Nelson Lichtenstein: The Right-to-Work Coup in Michigan
Michigan Governor Rick Snyder’s decision to sign a right-to-work law is just the latest battle in Midwestern Republican legislators’ convulsive campaign to eviscerate union political clout. Lansing, Michigan, now follows Madison, Wisconsin, Columbus, Ohio, and Indianapolis, Indiana, as a state capital flooded by union partisans — in a spirited, but vain, effort to forestall these laws.
Unions stand at the core of the Democratic coalition today. They are the last organizations remaining on the liberal side that can effectively appeal to white, working-class men in the Rust Belt swing states. They were crucial to President Barack Obama’s victory there.
So whatever the opposition and the shady legislative tactics, Snyder, his billionaire backers and the rest of the Michigan GOP made the cold political calculation: Break unions’ political power now by stripping them of the ability to raise the funds needed to hire staff, mobilize voters and keep up liberal pressure on state and local officials in the months after the election. Even as Citizens United allows many conservatives to raise unlimited funds, Democratic Party prospects are likely to plummet — turning Michigan as steadily red as Texas....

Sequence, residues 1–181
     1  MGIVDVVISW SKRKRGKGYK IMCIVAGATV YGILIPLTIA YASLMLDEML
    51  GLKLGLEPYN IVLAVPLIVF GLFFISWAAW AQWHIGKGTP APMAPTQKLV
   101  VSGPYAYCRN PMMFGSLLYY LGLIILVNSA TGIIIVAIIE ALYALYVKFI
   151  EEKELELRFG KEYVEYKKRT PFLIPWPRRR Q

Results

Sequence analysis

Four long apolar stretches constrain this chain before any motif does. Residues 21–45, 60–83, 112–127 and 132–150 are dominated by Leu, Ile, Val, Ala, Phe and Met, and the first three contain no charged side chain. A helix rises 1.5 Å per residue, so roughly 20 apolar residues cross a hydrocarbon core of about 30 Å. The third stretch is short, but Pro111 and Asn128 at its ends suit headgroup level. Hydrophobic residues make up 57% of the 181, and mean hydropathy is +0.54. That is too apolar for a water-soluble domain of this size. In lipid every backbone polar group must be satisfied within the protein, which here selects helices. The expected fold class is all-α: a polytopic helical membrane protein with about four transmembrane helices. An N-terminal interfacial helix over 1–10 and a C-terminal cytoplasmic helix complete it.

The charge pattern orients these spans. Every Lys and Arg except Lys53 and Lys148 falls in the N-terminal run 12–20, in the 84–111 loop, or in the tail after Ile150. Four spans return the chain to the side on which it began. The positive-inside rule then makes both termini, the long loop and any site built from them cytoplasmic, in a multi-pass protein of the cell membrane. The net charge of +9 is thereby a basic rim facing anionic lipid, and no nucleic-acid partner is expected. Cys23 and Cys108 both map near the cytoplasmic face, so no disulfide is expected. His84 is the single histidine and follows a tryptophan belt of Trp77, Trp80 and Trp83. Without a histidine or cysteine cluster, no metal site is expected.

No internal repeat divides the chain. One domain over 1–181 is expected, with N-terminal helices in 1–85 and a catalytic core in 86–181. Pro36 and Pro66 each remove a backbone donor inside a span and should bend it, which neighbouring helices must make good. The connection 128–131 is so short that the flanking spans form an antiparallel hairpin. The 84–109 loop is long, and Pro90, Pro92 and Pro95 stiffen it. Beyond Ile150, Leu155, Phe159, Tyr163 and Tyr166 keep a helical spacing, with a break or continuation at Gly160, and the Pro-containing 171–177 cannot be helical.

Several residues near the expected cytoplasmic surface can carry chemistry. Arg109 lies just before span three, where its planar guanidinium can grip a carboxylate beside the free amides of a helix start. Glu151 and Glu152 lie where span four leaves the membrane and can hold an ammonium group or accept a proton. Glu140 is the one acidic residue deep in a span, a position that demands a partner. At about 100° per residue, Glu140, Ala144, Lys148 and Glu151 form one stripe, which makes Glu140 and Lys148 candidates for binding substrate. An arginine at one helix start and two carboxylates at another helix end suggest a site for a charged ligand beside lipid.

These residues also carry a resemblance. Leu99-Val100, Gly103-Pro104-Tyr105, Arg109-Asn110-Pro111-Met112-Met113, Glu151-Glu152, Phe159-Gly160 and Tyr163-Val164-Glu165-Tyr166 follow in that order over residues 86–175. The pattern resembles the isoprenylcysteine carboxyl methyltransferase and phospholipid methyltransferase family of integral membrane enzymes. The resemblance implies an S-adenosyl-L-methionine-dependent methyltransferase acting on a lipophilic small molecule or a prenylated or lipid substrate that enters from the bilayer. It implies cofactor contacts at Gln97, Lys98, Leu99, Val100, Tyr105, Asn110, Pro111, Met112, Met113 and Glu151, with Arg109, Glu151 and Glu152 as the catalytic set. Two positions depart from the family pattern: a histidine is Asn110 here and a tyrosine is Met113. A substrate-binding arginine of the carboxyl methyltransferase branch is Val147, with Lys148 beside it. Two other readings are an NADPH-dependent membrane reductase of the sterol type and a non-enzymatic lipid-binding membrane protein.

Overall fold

comments powered by Disqus
- 115-Year-Old Shipwreck Finally Located Along Lake Superior's 'Shipwreck Coast'
- There’s no surge in immigrant children across the border
- A Chinese boy has made the discovery of a lifetime by stumbling across a 3,000-year-old bronze sword
- President Nixon Overrode Near Consensus of Senior U.S. Officials on Threat Posed by Israeli Nuclear Program in 1969
- Are Biblical Epics Epically Racist?
- Eric Hobsbawm is remembered as a polyglot of a kind that's vanished
- Once again Ken Burns turns to Geoffrey Ward to write his script, this time about the Roosevelts
- Historian warns that countries go into decline when they become rigid, oppress minorities, and become weak militarily
- NYT praises Kissinger’s new book as right for the times
- Critics question accuracy of new conservative-leaning social studies textbooks up for adoption in Texas